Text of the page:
The boom is having a profound effect on farming communities, said Grant Kimberley, whose family farm near Des Moines, Iowa, now grows 4,000 acres of soybeans, up from 3,500 eight years ago.
‘‘It’s provided more revenue for these farmers than they've ever seen in their lives,’’ said Kimberley, who is also director of market development at the Iowa Soybean Association. He said he sees more young people returning to the farm. ‘‘People can see there’s an opportunity to make nice livings for their families.’’
It was the 2008 global crisis that showed the resilience of China’s exporters.
The recession set everyone back, but China less so than the U.S. or other major traders such as Germany. China does a bigger share of its trade with developing countries that suffered less and rebounded faster, while the United States sells to rich economies that are struggling. Chinese companies have boosted exports by 7 percent this year despite anemic global demand.
During the recession, Shin, the South Korean auto parts manufacturer, saw his sales fall 50 percent. He shut one of three production lines, and banks stopped lending him money.
But China’s auto market was powering ahead. So Shin hired an employee in China, and is now making plans for his first factory there. On a business trip to Germany, clients told him their Chinese factories would be larger than those at home.
Parents like Shin, who work at companies doing business with China, in turn fed enrollment growth at schools such as Teacher Ching, a Chinese-language kindergarten in Seoul.
Nancy Ching, the daughter of immigrants from Taiwan, opened the school with 15 students in 2004, the year after South Korea first moved from the U.S. column to the China column. Today she has 60.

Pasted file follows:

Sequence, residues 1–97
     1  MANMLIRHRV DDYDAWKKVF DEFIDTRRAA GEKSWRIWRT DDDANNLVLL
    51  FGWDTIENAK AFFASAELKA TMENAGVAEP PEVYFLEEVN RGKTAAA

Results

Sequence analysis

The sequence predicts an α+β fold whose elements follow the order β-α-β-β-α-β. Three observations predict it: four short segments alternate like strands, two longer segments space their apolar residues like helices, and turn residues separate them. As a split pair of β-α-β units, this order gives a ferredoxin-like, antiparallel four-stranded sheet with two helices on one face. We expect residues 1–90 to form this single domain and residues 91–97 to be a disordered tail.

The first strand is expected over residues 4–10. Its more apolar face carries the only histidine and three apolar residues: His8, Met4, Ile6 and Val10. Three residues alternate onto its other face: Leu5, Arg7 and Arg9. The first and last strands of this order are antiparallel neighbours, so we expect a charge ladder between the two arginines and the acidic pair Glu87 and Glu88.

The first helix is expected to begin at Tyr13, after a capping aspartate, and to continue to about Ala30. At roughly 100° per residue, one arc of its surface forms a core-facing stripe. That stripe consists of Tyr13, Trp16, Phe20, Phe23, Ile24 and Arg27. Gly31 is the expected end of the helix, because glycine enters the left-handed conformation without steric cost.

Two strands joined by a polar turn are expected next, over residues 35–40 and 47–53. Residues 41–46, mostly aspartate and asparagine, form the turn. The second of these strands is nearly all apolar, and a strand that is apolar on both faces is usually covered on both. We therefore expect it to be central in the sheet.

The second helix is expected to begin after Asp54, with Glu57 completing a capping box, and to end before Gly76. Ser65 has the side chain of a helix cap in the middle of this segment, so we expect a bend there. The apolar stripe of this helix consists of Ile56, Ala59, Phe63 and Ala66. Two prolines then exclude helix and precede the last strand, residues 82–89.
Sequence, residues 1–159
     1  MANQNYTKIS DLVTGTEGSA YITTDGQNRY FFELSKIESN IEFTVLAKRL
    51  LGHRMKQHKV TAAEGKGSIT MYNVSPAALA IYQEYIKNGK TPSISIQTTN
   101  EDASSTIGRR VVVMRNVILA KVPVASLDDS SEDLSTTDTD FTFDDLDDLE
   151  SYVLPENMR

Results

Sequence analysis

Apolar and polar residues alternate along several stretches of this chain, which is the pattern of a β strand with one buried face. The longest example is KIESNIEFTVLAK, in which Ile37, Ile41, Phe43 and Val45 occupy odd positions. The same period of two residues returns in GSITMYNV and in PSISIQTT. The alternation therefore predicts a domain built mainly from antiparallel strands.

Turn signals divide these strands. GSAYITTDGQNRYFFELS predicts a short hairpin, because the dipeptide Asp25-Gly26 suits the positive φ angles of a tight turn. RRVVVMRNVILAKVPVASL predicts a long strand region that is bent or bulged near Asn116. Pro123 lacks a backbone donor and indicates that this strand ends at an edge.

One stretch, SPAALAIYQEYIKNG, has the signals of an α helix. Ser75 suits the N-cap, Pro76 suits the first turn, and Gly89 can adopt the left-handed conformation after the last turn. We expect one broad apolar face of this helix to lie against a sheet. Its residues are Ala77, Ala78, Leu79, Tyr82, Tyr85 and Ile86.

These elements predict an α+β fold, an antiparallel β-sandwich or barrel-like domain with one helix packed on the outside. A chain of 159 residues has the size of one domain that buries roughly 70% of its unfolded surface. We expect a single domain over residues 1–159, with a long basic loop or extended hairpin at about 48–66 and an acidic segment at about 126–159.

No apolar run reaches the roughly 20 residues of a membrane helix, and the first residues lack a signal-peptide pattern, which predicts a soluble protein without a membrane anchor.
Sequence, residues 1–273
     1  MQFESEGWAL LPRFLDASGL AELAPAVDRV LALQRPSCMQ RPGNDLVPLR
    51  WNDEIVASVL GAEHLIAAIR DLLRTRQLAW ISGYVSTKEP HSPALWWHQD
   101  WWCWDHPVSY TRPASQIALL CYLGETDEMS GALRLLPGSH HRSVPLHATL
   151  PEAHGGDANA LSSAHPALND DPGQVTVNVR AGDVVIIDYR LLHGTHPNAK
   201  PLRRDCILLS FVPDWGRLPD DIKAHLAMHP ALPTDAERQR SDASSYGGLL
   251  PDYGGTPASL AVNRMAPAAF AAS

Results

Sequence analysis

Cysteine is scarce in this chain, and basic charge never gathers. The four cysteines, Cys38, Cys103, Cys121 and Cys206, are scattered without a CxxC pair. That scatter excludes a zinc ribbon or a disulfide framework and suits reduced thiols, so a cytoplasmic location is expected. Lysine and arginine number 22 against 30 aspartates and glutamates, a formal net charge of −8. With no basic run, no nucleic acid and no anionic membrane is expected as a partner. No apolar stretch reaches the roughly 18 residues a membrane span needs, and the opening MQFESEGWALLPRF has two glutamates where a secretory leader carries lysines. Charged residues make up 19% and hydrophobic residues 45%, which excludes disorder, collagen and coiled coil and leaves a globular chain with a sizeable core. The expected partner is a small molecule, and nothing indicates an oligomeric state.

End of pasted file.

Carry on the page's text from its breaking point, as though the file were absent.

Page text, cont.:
‘‘Mothers who send their kids here believe our children’s generation is the China generation,’’ she said in Chinese-accented Korean. ‘‘In the future, without learning Chinese, one won’t be able to get a job.’’
China resumed its upward trajectory in the last two years. Even with key Western markets in a slump, exports are up 58 percent since 2009. Imports are up an even sharper 73 percent.
Rising incomes have driven demand for wine and other luxury goods, making China a lifeline for European and American vineyards when the global crisis battered traditional markets.
The Chinese have ‘‘helped Bordeaux a lot these past three years,’’ said Florence Cathiard, owner of Chateau Smith Haut Lafitte in the Pessac-Leognan area of France’s southwest, home of high-end Bordeaux wine.
France’s wine exports to China first surged in 2009, and by last year, China had surpassed the U.S. as a customer by volume. Americans still spend more, because they buy more expensive wines. But China is developing a taste for grand cru wine, the ‘‘great growths’’ that are considered exceptional and command higher prices.
Cathiard acknowledged that she was initially wary of China as a reliable market for her high-end wines. But the turning point for her came around 2008, when she was blown away by the number of people showing up for a master class by her chateau at a wine expo in Hong Kong.
China now accounts for 25 percent of Cathiard’s sales, making it her largest market.
The owners of Chateau Haut-Bailly, also in Pessac-Leognan, first traveled to China to test the waters in 2000, and it was too early.
‘‘At the time, they didn’t know what a cork or a corkscrew was,’’ said Veronique Sanders, the chateau’s general manager.
Chinese sophistication has since advanced rapidly, she said.
‘‘The difference with other emerging markets we've gone into in the past is the size of the country, which means it has an absolutely incredible potential.’’
The next step in China’s trade evolution is to move beyond exporting TVs and lawn furniture to selling services and investing abroad.
The investment trend started with state-owned companies that bought stakes in foreign mines and oil fields. Smaller and private Chinese companies followed, acquiring foreign enterprises to gain a bigger foothold in overseas markets, more access to resources and better technology for their own development.
China is now pushing into construction and engineering, where U.S. and European companies have long dominated.
In Algeria, Chinese state-owned companies pushed aside established French and German rivals to win contracts to build a $12 billion cross-country highway and the $1.3 billion Great Mosque of Algeria. The Chinese have also built highways, dams and other projects in developing countries and are starting to win contracts in the U.S. and Europe.Continued...